Accounts receivable, abbreviated as AR or A/R, are legally enforceable claims for payment held by a business for goods supplied or services rendered that customers have ordered but not paid for. These are generally in the form of invoices raised by a business and delivered to the customer for payment within an agreed time frame. Accounts receivable is shown in a balance sheet as an asset. It is one of a series of accounting transactions dealing with the billing of a customer for goods and services that the customer has ordered. These may be distinguished from notes receivable, which are debts created through formal legal instruments called promissory notes.

An invoice, bill or tab is a commercial document issued by a seller to a buyer, relating to a sale transaction and indicating the products, quantities, and agreed prices for products or services the seller had provided the buyer.

Account (bookkeeping)

In bookkeeping, an account refers to assets, liabilities, income, expenses, and equity, as represented by individual ledger pages, to which changes in value are chronologically recorded with debit and credit entries. These entries, referred to as postings, become part of a book of final entry or ledger. Examples of common financial accounts are sales, accounts receivable, mortgages, loans, PP&E, common stock, sales, services, wages and payroll.

Net income Measure of the profitability of a business venture

In business and accounting, net income is an entity's income minus cost of goods sold, expenses, depreciation and amortization, interest, and taxes for an accounting period.

In business, operating margin—also known as operating income margin, operating profit margin, EBIT margin and return on sales (ROS)—is the ratio of operating income to net sales, usually expressed in percent.

Gross margin

Gross margin is the difference between revenue and cost of goods sold (COGS), divided by revenue. Gross margin is expressed as a percentage. Generally, it is calculated as the selling price of an item, less the cost of goods sold, then divided by the same selling price. "Gross margin" is often used interchangeably with "gross profit", however the terms are different: "gross profit" is technically an absolute monetary amount and "gross margin" is technically a percentage or ratio.

Revenue recognition

The revenue recognition principle is a cornerstone of accrual accounting together with the matching principle. They both determine the accounting period in which revenues and expenses are recognized. According to the principle, revenues are recognized when they are realized or realizable, and are earned, no matter when cash is received. In cash accounting – in contrast – revenues are recognized when cash is received no matter when goods or services are sold.

For households and individuals, gross income is the sum of all wages, salaries, profits, interest payments, rents, and other forms of earnings, before any deductions or taxes. It is opposed to net income, defined as the gross income minus taxes and other deductions.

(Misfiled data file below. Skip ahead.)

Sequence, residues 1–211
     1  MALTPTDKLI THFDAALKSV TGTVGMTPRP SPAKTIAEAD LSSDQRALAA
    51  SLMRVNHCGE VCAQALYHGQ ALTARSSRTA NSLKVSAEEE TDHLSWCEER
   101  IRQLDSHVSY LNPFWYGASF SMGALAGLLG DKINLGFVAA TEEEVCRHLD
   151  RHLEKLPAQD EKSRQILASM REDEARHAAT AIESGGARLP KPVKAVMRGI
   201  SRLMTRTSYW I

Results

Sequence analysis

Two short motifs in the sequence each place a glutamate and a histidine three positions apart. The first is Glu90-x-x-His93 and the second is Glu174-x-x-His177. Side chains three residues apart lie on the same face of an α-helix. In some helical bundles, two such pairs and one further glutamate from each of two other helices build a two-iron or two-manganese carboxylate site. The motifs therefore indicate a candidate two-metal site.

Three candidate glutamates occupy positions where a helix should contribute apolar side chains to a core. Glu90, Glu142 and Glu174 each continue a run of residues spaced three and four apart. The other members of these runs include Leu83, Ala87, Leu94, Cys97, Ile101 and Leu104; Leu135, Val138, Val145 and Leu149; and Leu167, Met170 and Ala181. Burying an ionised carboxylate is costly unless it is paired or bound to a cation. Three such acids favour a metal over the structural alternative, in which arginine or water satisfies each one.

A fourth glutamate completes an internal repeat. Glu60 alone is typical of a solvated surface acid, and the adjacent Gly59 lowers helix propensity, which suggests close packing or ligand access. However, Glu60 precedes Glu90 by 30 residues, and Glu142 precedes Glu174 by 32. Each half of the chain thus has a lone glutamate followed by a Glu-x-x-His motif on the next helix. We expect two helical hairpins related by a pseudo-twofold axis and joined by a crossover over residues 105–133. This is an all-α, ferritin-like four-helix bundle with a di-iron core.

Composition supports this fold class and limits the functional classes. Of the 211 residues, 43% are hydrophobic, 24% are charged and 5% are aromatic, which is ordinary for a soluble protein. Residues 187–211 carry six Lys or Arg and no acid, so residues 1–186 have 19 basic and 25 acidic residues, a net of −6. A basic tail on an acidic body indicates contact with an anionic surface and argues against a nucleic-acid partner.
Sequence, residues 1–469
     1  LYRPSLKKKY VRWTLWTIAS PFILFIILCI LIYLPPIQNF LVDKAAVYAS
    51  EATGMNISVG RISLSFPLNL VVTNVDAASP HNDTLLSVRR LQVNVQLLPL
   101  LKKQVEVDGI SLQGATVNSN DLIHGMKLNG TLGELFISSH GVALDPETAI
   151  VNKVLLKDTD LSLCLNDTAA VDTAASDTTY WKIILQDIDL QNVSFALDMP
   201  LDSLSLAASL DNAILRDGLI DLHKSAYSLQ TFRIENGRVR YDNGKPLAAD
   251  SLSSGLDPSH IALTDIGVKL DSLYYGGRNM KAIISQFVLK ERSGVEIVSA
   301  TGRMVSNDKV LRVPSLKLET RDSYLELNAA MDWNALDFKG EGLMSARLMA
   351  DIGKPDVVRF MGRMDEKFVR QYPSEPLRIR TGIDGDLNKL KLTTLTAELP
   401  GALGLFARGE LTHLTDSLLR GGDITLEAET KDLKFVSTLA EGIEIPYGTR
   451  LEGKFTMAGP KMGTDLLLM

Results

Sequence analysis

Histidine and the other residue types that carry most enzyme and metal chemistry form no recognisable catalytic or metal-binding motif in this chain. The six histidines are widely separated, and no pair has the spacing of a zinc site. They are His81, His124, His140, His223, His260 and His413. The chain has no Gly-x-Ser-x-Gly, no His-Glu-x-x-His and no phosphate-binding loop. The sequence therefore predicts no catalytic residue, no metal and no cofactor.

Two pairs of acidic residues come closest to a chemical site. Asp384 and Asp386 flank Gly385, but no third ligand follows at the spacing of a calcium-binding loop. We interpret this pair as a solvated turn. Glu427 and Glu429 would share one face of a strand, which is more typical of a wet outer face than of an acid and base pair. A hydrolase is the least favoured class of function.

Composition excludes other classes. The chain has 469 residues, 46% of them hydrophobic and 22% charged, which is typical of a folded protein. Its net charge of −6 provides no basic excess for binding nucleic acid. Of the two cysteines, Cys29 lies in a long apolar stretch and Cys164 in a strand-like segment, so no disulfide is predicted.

Special journals Specialized lists of financial transaction records

Special journals are specialized lists of financial transaction records which accountants call journal entries. In contrast to a general journal, each special journal records transactions of a specific type, such as sales or purchases. For example, when a company purchases merchandise from a vendor, and then in turn sells the merchandise to a customer, the purchase is recorded in one journal and the sale is recorded in another.

An inventory valuation allows a company to provide a monetary value for items that make up their inventory. Inventories are usually the largest current asset of a business, and proper measurement of them is necessary to assure accurate financial statements. If inventory is not properly measured, expenses and revenues cannot be properly matched and a company could make poor business decisions.

Profit, in accounting, is an income distributed to the owner in a profitable market production process (business). Profit is a measure of profitability which is the owner's major interest in the income-formation process of market production. There are several profit measures in common use.

WorkingPoint is a web-based application providing a suite of small business management tools. It is designed to offer a single point-of-access for all business management needs while offering a user-friendly interface. WorkingPoint’s functionalities include double-entry bookkeeping, contact management, inventory management, invoicing and bill & expense management.

Financial ratio

A financial ratio or accounting ratio is a relative magnitude of two selected numerical values taken from an enterprise's financial statements. Often used in accounting, there are many standard ratios used to try to evaluate the overall financial condition of a corporation or other organization. Financial ratios may be used by managers within a firm, by current and potential shareholders (owners) of a firm, and by a firm's creditors. Financial analysts use financial ratios to compare the strengths and weaknesses in various companies. If shares in a company are traded in a financial market, the market price of the shares is used in certain financial ratios.

The invoice price is the actual price that the end-customer retailer pays to the manufacturer or distributor for a product.

References

  1. Meigs & Meigs, Financial Accounting, Fourth Edition McGraw-Hill, 1983. p.124.
  2. Random House Dictionary, Revised Edition, 1975.
  3. Pinson, Linda and Jerry Jinnett. Keeping the Books, Second Edition Upstart Publishing Company, Inc., 1993. p. 15. This is a simplified example.
  4. Williams, Jan R.; Haka, Susan F.; Bettner, Mark S.; Carcello, Joseph V. (2006). Financial Accounting (12th ed.). Boston, Mass: McGraw-Hill/Irwin. pp. 261–263. ISBN   0-07-288467-3.
  5. Farris, Paul W.; Neil T. Bendle; Phillip E. Pfeiffer; David J. Reibstein (2010). Marketing Metrics: The Definitive Guide to Measuring Marketing Performance. Upper Saddle River, New Jersey: Pearson Education, Inc. ISBN   0-13-705829-2. The Marketing Accountability Standards Board (MASB) endorses the definitions, purposes, and constructs of classes of measures that appear in Marketing Metrics as part of its ongoing Common Language: Marketing Activities and Metrics Project Archived 2013-02-12 at the Wayback Machine .
  6. Monthly Wholesale Trade Survey Definitions Statement